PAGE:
I came across this article:
"What is a Buddhist?
Your Guide, Anthony Flanagan From Anthony Flanagan,
Your Guide to Buddhism.
Basic Questions and Answers
What is a Buddhist?
A Buddhist is simply someone who follows the teachings of the Buddha and tries to incorporate them into their daily lives. Buddhists are everyday people. They work, have families and experience the same ups and downs of everyday life as anyone else. Like people who aren’t Buddhists, they have good qualities and bad qualities. They are not – generally speaking – perfect individuals! What they have decided to do, however, is to strive to do better. This means they try to bring more compassion and loving-kindness into their relationships with others. They try to eradicate tendencies towards greed and hatred in their lives. They also try to follow the moral guidelines laid down by the Buddha.
Some Buddhists become monks and nuns, devoting every aspect of their lives to following the Buddha’s teachings.
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Those who have decided upon this path lead celibate lives and usually join a monastic community. The majority of Buddhists, however, are lay Buddhists.
How does one become a Buddhist?
There are formal and informal ways of becoming a Buddhist. Simply deciding to commit oneself to following the Buddha’s teachings is to become a Buddhist. No formal ceremony is necessary. The emphasis in Buddhism is to practice the teachings rather than to engage in ceremony in ritual. Some Buddhist schools and communities, however, have special initiation ceremonies. These will usually include reciting what is termed ‘the three refuges’: I take refuge in the Buddha, I take refuge in the Sangha, I take refuge in the Dharma. The ‘Sangha’ refers to the Buddhist community and the ‘Dharma’ refers to the Buddha’s teachings.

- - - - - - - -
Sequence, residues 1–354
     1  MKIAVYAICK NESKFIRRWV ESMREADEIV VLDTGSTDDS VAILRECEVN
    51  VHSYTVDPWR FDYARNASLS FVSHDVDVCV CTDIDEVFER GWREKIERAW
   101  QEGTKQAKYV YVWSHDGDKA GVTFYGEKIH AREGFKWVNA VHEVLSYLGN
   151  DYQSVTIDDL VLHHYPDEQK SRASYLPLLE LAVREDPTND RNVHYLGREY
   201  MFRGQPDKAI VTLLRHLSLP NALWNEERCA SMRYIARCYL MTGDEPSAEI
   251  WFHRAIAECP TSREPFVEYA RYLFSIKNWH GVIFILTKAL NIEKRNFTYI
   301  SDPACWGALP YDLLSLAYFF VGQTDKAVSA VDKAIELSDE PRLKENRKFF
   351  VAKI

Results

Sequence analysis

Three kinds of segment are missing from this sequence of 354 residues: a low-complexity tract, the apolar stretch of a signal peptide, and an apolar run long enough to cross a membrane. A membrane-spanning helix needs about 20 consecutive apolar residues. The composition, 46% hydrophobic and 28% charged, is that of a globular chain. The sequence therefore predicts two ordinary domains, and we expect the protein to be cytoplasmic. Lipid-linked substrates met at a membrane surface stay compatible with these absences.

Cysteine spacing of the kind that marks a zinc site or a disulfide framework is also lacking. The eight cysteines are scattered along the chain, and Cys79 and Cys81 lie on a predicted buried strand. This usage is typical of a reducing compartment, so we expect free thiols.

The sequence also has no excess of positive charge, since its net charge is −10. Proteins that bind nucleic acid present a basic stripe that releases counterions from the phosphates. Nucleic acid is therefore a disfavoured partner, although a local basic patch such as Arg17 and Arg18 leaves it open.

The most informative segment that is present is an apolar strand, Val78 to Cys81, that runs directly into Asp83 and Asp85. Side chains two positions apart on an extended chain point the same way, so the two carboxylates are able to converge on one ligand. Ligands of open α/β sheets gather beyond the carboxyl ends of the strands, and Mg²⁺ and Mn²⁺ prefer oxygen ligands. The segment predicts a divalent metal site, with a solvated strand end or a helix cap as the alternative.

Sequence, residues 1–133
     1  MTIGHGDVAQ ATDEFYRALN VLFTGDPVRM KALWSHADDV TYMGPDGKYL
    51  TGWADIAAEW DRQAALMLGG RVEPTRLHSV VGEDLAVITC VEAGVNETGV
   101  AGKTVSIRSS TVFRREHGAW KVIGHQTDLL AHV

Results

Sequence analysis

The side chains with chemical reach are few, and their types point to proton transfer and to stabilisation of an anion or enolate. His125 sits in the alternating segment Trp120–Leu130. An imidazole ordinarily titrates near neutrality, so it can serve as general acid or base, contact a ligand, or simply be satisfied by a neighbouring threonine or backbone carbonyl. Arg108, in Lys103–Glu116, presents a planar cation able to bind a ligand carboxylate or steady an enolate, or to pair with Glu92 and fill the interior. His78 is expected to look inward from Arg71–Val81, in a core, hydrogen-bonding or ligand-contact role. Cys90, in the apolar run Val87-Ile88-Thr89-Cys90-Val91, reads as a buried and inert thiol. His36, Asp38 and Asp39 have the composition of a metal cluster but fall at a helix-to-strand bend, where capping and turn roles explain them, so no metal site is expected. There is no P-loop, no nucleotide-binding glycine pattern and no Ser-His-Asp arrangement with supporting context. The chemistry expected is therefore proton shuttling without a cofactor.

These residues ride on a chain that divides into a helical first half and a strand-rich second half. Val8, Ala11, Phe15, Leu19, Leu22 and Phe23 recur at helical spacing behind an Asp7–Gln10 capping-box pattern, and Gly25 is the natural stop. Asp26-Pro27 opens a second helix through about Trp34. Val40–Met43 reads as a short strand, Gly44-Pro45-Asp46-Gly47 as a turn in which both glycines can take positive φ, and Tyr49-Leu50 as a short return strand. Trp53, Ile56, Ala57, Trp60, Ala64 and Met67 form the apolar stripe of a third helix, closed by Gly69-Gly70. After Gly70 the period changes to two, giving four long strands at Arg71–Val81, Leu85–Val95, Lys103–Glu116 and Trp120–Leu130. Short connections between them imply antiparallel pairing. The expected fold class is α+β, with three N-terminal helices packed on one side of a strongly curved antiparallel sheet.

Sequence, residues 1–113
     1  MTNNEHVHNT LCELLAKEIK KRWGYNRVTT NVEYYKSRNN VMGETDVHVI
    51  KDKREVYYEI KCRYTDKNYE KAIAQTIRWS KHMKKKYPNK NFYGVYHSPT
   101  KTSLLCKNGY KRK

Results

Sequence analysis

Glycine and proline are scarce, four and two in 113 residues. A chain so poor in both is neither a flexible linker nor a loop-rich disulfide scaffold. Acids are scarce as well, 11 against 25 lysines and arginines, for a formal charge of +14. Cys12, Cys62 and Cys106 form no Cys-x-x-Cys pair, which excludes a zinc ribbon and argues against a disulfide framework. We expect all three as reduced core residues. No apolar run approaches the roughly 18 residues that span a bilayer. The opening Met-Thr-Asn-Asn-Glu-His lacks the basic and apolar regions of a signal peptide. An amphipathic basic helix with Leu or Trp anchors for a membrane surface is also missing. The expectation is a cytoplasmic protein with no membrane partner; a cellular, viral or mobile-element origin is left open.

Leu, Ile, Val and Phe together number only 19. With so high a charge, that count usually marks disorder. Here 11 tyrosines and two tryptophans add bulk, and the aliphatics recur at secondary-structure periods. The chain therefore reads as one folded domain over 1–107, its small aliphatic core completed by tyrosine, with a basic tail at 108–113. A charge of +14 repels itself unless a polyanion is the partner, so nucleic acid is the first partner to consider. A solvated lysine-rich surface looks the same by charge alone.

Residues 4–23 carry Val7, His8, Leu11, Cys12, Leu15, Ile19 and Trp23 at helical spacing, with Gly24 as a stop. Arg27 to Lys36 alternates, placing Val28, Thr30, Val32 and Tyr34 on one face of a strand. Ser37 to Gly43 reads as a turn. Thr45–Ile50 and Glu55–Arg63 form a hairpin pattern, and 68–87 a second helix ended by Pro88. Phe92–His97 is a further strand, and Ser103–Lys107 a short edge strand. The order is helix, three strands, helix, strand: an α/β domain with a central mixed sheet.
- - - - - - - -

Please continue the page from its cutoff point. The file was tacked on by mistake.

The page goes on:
What moral rules do Buddhists follow?
The Buddha gave his followers five rules or precepts to help them live good moral lives. He advised them to abstain from harming livings beings, from taking what is not given, from sexual misconduct, from false speech, and from intoxicants such as alcohol and recreational drugs. Note, however, that Buddhism does not have any restriction on drugs taken for medicinal purposes. How these precepts are interpreted varies somewhat in practice. Some Buddhists engage in social drinking providing it is in moderation. Other Buddhists are stricter in their observance. Monks and nuns follow further precepts such as not eating after noon, not attending shows or other forms of entertainment, not wearing cosmetics and perfumes, and not sleeping in luxurious beds.
What particular practices do Buddhists engage in?
Buddhist practice varies from school to school. Most schools of Buddhism place great emphasis on meditation. Other schools place emphasis on the recitation of mantras (the repetition of syllables, words or phrases). The Tibetan tradition makes extensive use of visualisation methods as well as meditation, mantras and prostrations. Which methods are practiced depends on the individual – some methods suit certain personalities better than others.
Are all Buddhists vegetarians?
No. The first precept is to abstain from harming or killing living beings. Many Buddhists are vegetarians but the Buddha did not prohibit the eating of meat. He allowed his early followers to eat meat providing the animal had not been specifically killed for them to eat. It is said that the Buddha died of food poisoning after eating contaminated pork. Some Buddhists therefore do eat meat but quite a debate exists within the Buddhist community about whether such practice breaks the first precept at least indirectly."
I dont quite understand the 5 rules, could someone please explain each one of them to me in detail? thanks.
also how come some buddhists arent vegan or even vegetarian? doesnt that go against one of the rules (harming living beings)?
I am interested in learning more about buddhism. I do not mean to offend anyone. I am simply seeking knowledge
also, who is Buddha? was he a man? or a woman? or a diety of somesort?
and why is this buddha so important? isnt there a way to develop morality and living a life that encompasses those guidelines without being buddha?
thanks. im sure i will have more questions